Dog tag history: How the tradition, nickname started

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Replica dog tags for Medal of Honor recipient and pilot Air Force Capt. Steven L. Bennett rest on a workstation at Hurlburt Field, Fla, Aug. 29, 2019. Bennett received the Medal of Honor for his heroic actions while flying an artillery adjustment mission in Vietnam in June 1972. Newly printed dog tags were presented to Bennett’s daughter, Angela Bennett-Engele, after the original dog tags disappeared. (Air Force photograph by Staff Sgt. Lynette Rolen)
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We all know what dog tags are — those little oval disks on a chain that service members wear to identify themselves in combat. But have you ever wondered how and when that tradition started, and why they’re called dog tags? 

We did some research to find the answers.

Origins of the ‘Dog Tag’ nickname 
According to the Army Historical Foundation, the term “dog tag” was first coined by newspaper magnate William Randolph Hearst. In 1936, Hearst wanted to undermine support for President Franklin D. Roosevelt’s New Deal. He had heard the newly formed Social Security Administration was considering giving out nameplates for personal identification. According to the SSA, Hearst referred to them as “dog tags” similar to those used in the military.

Other rumored origins of the nickname include World War II draftees calling them dog tags because they claimed they were treated like dogs. Another rumor said it was because the tags looked similar to the metal tag on a dog’s collar. 

This dog tag belonged to Union Army Cpl. Alvin B. Williams of Company F, 11th Regiment New Hampshire Volunteers. Hailing from New London, N.H., Williams enlisted on Aug. 11, 1862 at the age of 18. He was killed May 12, 1864, near Spotsylvania Court House in Virginia. (Library of Congress photograph)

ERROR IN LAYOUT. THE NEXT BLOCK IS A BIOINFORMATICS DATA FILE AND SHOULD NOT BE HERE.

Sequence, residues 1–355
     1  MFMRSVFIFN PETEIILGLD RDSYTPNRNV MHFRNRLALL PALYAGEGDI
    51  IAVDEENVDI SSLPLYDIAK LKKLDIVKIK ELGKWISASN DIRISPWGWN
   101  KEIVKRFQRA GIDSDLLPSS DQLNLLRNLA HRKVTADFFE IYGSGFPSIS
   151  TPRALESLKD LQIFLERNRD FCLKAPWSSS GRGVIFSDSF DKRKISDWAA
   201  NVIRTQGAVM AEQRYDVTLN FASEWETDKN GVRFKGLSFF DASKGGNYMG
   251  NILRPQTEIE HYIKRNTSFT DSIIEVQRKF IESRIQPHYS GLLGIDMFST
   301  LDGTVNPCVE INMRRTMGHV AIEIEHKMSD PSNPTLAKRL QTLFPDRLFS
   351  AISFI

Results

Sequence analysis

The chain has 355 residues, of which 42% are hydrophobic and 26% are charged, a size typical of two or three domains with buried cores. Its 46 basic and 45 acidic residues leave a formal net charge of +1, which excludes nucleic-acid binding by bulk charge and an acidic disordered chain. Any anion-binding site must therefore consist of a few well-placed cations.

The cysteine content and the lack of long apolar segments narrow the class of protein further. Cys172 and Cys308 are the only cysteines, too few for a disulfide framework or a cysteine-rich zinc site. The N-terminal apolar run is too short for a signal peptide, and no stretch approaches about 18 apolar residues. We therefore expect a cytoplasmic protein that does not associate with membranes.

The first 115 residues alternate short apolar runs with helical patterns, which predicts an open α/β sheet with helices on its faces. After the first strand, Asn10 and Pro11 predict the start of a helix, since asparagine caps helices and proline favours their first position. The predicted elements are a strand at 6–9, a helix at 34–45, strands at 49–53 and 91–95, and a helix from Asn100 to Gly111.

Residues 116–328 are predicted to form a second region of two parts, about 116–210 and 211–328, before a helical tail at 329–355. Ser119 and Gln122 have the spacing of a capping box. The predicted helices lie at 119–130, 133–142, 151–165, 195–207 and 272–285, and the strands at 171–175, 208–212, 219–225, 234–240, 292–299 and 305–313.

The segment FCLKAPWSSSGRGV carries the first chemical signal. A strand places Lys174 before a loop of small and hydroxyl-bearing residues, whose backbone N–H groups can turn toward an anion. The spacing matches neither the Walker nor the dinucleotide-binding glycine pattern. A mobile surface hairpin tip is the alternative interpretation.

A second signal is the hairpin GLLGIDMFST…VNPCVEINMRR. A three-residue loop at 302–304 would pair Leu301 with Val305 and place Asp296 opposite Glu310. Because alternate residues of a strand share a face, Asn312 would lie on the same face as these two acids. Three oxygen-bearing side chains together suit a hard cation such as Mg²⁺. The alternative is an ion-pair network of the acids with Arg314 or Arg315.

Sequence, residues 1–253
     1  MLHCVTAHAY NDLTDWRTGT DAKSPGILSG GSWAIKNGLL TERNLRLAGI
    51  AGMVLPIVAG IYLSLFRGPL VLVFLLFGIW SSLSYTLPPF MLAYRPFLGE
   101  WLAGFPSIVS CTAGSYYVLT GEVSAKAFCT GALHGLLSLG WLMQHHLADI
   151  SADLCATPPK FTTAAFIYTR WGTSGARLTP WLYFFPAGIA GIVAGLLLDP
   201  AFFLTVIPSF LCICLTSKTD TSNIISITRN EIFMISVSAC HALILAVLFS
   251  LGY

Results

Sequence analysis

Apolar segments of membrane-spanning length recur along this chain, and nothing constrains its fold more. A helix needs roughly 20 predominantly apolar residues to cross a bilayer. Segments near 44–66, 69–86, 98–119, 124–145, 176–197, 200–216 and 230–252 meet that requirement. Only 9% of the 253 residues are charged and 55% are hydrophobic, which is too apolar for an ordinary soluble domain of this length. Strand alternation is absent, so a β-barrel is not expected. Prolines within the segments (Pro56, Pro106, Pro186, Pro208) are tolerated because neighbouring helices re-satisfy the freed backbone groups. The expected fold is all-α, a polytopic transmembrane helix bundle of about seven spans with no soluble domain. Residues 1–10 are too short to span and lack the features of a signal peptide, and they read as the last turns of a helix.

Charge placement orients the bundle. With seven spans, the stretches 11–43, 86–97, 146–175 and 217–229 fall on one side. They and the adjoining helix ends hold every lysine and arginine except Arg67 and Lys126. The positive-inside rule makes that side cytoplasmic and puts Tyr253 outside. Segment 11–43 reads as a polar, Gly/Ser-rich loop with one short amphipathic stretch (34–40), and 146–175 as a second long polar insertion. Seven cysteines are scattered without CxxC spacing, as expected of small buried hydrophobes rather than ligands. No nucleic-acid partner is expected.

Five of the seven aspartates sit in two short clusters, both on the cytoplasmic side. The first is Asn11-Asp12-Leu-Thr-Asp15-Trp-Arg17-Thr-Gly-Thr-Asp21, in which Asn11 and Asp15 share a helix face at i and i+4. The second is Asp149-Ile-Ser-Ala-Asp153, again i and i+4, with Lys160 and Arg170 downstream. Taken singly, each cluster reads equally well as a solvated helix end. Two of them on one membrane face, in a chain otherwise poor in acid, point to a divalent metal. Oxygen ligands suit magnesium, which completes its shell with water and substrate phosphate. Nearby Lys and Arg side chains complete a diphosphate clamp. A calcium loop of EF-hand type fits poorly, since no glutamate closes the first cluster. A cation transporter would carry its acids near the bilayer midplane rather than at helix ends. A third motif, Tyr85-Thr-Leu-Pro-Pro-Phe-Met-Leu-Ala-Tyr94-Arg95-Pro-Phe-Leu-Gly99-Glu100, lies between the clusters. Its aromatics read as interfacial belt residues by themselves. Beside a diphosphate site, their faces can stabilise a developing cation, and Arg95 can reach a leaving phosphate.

Regardless of where the nickname started, the concept of an identification tag originated long before that.

Civil War concerns
Unofficially, identification tags came about during the Civil War because soldiers were afraid no one would be able to identify them if they died. They were terrified of being buried in unmarked graves, so they found various ways to prevent that. Some marked their clothing with stencils or pinned-on paper tags. Others used old coins or bits of round lead or copper. According to the Marine Corps, some men carved their names into chunks of wood strung around their necks.
 
Those who could afford it bought engraved metal tags from nongovernment sellers and sutlers — vendors who followed the armies during the war. Historical resources show that in 1862, a New Yorker named John Kennedy offered to make thousands of engraved disks for soldiers, but the War Department declined.

By the end of the Civil War, more than 40 percent of the Union Army’s dead were unidentified. To bring that into perspective, consider this:  Of the more than 17,000 troops buried in Vicksburg National Cemetery, the largest Union cemetery in the United States, nearly 13,000 of those graves are marked as unknown. 

The outcome of the war showed that concerns about identification were valid, and the practice of making identification disks caught on.

These original World War I dog tags belonged to Navy and Army veteran Thomas R. Darden. The tags are tied with twill rope or tape. Darden served in the Navy from 1903-1908 and in the Army as an officer from 1917 through the end of the Great War. (North Carolina Museum of History photograph)
Making it official

The first official request to outfit service members with ID tags came in 1899 at the end of the Spanish-American war. Army Chaplain Charles C. Pierce — who was in charge of the Army Morgue and Office of Identification in the Philippines — recommended the Army outfit all soldiers with the circular disks to identify those who were severely injured or killed in action. 

It took a few years, but in December 1906, the Army put out a general order requiring aluminum disc-shaped ID tags be worn by soldiers. The half-dollar size tags were stamped with a soldier’s name, rank, company and regiment or corps, and they were attached to a cord or chain that went around the neck. The tags were worn under the field uniform. 

The order was modified in July 1916, when a second disc was required to be suspended from the first by a short string or chain. The first tag was to remain with the body, while the second was for burial service record keeping. The tags were given to enlisted men, but officers had to buy them.